Wednesday, January 23, 2013

The "acting alone" fallacy

President Obama said this in his 2nd inaugural address:

For the American people can no more meet the demands of today's world by acting alone than American soldiers could have met the forces of fascism or communism with muskets and militias. No single person can train all the math and science teachers we'll need to equip our children for the future, or build the roads and networks and research labs that will bring new jobs and businesses to our shores. Now, more than ever, we must do these things together.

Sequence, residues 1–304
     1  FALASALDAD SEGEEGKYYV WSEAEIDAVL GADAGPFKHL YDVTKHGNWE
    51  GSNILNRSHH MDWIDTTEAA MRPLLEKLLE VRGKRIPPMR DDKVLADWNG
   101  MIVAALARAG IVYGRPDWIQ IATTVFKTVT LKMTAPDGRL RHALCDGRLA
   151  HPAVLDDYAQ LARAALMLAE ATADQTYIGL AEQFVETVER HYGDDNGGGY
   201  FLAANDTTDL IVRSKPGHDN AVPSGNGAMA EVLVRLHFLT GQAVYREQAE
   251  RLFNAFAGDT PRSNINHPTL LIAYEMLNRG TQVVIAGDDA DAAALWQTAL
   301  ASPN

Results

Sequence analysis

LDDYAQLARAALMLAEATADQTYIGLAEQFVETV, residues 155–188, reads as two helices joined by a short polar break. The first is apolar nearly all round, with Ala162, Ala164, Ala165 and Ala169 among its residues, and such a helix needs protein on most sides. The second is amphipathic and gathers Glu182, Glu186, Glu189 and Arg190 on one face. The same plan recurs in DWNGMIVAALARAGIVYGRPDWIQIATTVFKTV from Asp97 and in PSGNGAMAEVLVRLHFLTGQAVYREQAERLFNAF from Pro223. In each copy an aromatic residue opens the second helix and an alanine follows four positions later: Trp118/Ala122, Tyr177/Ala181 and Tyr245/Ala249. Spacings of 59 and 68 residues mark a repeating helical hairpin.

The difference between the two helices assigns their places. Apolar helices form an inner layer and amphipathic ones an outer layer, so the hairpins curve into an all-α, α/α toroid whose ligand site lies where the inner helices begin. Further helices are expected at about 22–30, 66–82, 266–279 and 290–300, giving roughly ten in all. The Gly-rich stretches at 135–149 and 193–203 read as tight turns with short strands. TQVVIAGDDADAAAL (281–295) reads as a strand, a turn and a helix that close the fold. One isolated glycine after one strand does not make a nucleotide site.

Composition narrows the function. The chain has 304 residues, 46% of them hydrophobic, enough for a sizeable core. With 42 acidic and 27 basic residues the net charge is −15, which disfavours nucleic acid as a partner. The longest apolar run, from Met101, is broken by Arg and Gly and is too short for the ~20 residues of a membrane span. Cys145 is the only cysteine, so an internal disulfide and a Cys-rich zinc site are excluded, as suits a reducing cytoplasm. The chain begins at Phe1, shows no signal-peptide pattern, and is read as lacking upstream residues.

I object to this move, which seems to have become popular with Democrats in the past couple years, of equating "doing things together" with government. To suggest that anyone who'd like to see less heavy-handed government regulation thinks one person can do everything alone is a straw-man argument. It indicates a lack of understanding of how the private-sector economy works and how libertarians or conservatives actually think about economics. The private sector isn't just a bunch of people "acting alone." As Matt Welch pointed out in his critique of the speech, making and selling an object as basic as a pencil is such a complex endeavor that it takes lots of different specialists. No one person has the knowledge to accomplish that seemingly simple task; that's how decentralized knowledge is in society. Of course, with a truly complex product, like a computer or a movie, the need for people to work together is even greater still. The private sector isn't fundamentally about everyone being secluded and isolated from each other; it typically involves many people working together. Government regulation often rules out the options people would otherwise want to pursue that would let them work together more. The idea that you're "alone" unless you're being directed by the government strikes me as dehumanizing and almost abusive. So I resist this scare tactic of presenting the government as the alternative to being "alone."